Go to the Globe and Mail homepage

Jump to main navigationJump to main content

A witness chair meant for Dimitri Soudas, the Prime Minister's director of communications, sits empty at a Commons ethics committee hearing on allegations of interference in access to information requests in Ottawa on May 25, 2010. (Sean Kilpatrick/THE CANADIAN PRESS)
A witness chair meant for Dimitri Soudas, the Prime Minister's director of communications, sits empty at a Commons ethics committee hearing on allegations of interference in access to information requests in Ottawa on May 25, 2010. (Sean Kilpatrick/THE CANADIAN PRESS)

Tories defy Commons, send Baird instead of PM's spokesman Add to ...

The Harper government openly defied the House of Commons on Tuesday as Transport Minister John Baird crashed a parliamentary committee and took over for the previously scheduled witness.

Mr. Baird said he was appearing at the request of Prime Minister Stephen Harper, and went on to act as an uninvited stand-in for Mr. Harper's main spokesman, Dimitri Soudas. The meeting dissolved into partisan wrangling between Conservative and opposition MPs. Mr. Baird left after saying little, except to defend the government's new ban on appearances by ministerial aides before parliamentary committees.

"The days where you can call in 25-year-olds before this committee, to beat up staff who can't defend themselves, are over," Mr. Baird told the ethics committee.

His move was the first example of the government's policy, announced by Mr. Soudas on television on Sunday, that ministers will now show up at committees whenever ministerial aides are called as witnesses. The decision appears to be a last-minute bid to prevent the scheduled appearance next week of aides invited by a parliamentary committee that is probing allegations of unregistered lobbying on the part of former Conservative MP Rahim Jaffer.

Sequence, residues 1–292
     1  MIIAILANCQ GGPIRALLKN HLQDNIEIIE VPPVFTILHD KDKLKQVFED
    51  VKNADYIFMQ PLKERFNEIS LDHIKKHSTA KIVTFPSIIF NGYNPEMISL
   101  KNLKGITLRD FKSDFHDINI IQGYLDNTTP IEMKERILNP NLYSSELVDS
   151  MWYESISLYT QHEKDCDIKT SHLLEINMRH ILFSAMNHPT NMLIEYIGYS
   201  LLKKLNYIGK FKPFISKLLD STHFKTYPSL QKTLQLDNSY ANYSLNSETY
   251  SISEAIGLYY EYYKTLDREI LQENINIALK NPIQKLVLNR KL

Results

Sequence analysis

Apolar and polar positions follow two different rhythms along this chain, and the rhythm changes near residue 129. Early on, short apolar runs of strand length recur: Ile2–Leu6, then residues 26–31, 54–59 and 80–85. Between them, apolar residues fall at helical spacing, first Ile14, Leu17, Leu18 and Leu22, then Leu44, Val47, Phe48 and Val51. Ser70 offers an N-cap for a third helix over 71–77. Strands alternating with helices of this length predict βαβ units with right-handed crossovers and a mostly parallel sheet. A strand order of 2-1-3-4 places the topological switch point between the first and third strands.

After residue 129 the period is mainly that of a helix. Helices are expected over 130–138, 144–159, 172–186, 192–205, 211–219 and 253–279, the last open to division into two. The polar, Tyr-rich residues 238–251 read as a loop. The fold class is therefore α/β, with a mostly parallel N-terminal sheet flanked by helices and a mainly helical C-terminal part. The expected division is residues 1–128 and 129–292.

Parliamentary committees have been increasingly flexing their muscles in recent years, obtaining confidential cabinet documents and issuing summonses to force the testimony of the likes of German-Canadian businessman Karlheinz Schreiber.

The attempt to limit the powers of committees could eventually make its way to Speaker Peter Milliken, who ruled in favour of Parliament in a standoff over documents related to Afghan detainees earlier this month. Liberal MP Wayne Easter pointed out that Mr. Soudas - who is 30 and whose scheduled testimony earlier this month on the access-to-information process was delayed by a fire alarm - actually has more media exposure than many ministers.

"Don't try to say that he is a 25-year-old who can be intimidated by this committee," Mr. Easter said, accusing the government of "affronting parliamentary democracy."

Liberal MP Paul Szabo, who chairs the ethics committee, said he has been instructed to do what is necessary to get Mr. Soudas back in front of the committee, including issuing a summons.

"The committee rejected the government position on calling political staff and will proceed unless the Speaker rules that we must comply with the government's new policy," Mr. Szabo said.

Liberal MP Ralph Goodale added in the House that ministerial aides have all the necessary qualifications to defend their decisions before a committee. A chief of staff can make up to $159,000 a year, while the salary of a director of communications can go up to $129,000.

But the government is angry that opposition MPs, who have a combined majority on committees, are increasingly calling on ministerial aides to testify, usually in a bid to embarrass the government or probe controversial decisions.

"The tyranny of the opposition majority has turned its attention to the men and women who make up our political staff. Men and women who did not sign up to be tried by a committee - to be humiliated and intimidated by members of Parliament," said Conservative House Leader Jay Hill.

While Mr. Baird said ministers will show up when their aides are invited, he did not guarantee that ministers will always respond positively to committee invitations.

"Depending on the issue, I suppose," he told reporters.

In the know

Most popular videos »

Highlights

More from The Globe and Mail

Most popular